10/20/2011 08:34 am ET Updated Dec 20, 2011

Learning From Jerry West's Depression

As a psychiatrist I am on a constant quest to better understand (in hopes of better treating) those ailments of the mind that can cause what my late mentor, and suicide pioneer, Dr. Edwin Shneidman, referred to as "psychache" and by that meant, "general psychological and emotional pain that reaches intolerable intensity."

With former NBA star and General Manager and "Mr. Clutch," Jerry West coming forth in his about to be released book, "West by West: My Charmed, Tormented Life," and with his admission and full depiction regarding his battle with lifelong depression, a few more pieces have fallen into place.

Keys to West's depression were a scarily abusive father, lack of love in his childhood, death of a very "kind" brother and a lifelong tendency to go "dark" after defeats or losses in his career. Perhaps the most gutsy revelation in this book was West's view of his relationship with Lakers owner Jerry Buss and Coach Phil Jackson.  If you read between the lines it may be that West's feeling that he had worn out his welcome with Buss, who cared obsessively about winning and then his being ignored and dismissed by Jackson retraumatized him by landing him back in the perceived uncaring (where nobody stepped in to protect him from his father) and abusive environment he experienced as a child.

This brings to light how critical it is to our developing personalities when we hit an obstacle, a setback or defeat to be responded to over and over again by an "unconditional" comforting warmth (most often supplied by a non-narcissistic mother who would never be complicit with a husband's abuse of a child) and a "confident" and informed (dare I say, "coaching") reassurance (most often supplied by an optimistic, courageous, yet loving father).

When those are consistently the responses by the "caregiving surround," a term familiarized through  Self-Psychology to mean empathic based caring (or lack thereof as in "non caregiving surround") experienced by the developing, helpless infant they become internalized into a solid core which that person can always return to and buttress themselves up during times of let down, hurt , disappointment and physical and psychic injury.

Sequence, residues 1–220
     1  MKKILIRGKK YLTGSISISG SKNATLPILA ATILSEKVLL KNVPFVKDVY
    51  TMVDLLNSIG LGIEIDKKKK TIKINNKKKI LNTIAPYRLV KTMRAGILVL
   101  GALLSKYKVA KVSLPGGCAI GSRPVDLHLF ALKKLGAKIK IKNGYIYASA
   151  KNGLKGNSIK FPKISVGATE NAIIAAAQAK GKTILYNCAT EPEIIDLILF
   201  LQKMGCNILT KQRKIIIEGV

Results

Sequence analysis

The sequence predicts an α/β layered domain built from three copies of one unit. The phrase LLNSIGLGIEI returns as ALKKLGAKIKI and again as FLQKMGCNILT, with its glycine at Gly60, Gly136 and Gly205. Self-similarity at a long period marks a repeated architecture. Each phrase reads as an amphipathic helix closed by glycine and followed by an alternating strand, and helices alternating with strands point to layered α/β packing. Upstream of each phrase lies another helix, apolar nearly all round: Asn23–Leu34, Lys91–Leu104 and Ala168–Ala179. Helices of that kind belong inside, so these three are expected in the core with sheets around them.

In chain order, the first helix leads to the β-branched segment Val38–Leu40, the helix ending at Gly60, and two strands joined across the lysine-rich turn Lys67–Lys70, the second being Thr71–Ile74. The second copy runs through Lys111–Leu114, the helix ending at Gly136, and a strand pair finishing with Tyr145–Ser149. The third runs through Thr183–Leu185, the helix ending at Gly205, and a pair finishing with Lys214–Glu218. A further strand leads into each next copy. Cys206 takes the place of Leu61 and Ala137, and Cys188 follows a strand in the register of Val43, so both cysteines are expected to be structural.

When such caregiving is not present or worse is replaced by abuse or shaming, there is nothing to turn inward to help the psyche weather those downturns. Furthermore if instead of "paying forward" the pain and suffering others inflicted on you (because you don't want to hurt or anger them, which might have been the case with West and Buss and Jackson), when they are hurtful to you, you turn it inward and that is a recipe for a rapid descent into depression (you know, the old Freudian notion, "Anger turned inward" = depression).

In the midst of such experiences, one may at times turn to thoughts of suicide as relief for the pain. In fact, the suicidality as such an antidote to torment can be viewed as a loving and comforting way out of the pain.

In the middle and at the worst of such unattended and non-caregiving agony, one can experience despair. If you think of despair as des-pair, it is a feeling of being unpaired with hope (= hopelessness), help (= helplessness), worth (= worthlessness), meaning (= meaninglessness), usefulness (= uselessness), a point to it all (= pointlessness) in a world in which it seems that everyone else is paired with those feelings.

When felt collectively the despair can mount to a point that "pairing with death" as a relief becomes not only conceivable, but desirable. So knowing there is always that way out if it gets too bad can offer relief.

As one of my nearly continually suicidal clients (who thankfully never acted on it and is now living a life where they're glad to be alive) once told me: "If I didn't have my suicidality, I would have killed myself a long time ago."

From your interviews Jerry it appears that your torment has eased over the past years. For that, you, your fans and I are grateful, because for the life you have lived, you deserve to finally begin to feel it was a life worth living.

Sometimes, when you are in your mind, you're in enemy territory and what you think of yourself is not to be believed. Not easy to do when you are in a state of des-pair.

Thank you for writing your book, Jerry West. It will help many people feel less alone and may, in fact, cause you, with your words, to become the loving father to them that you never had.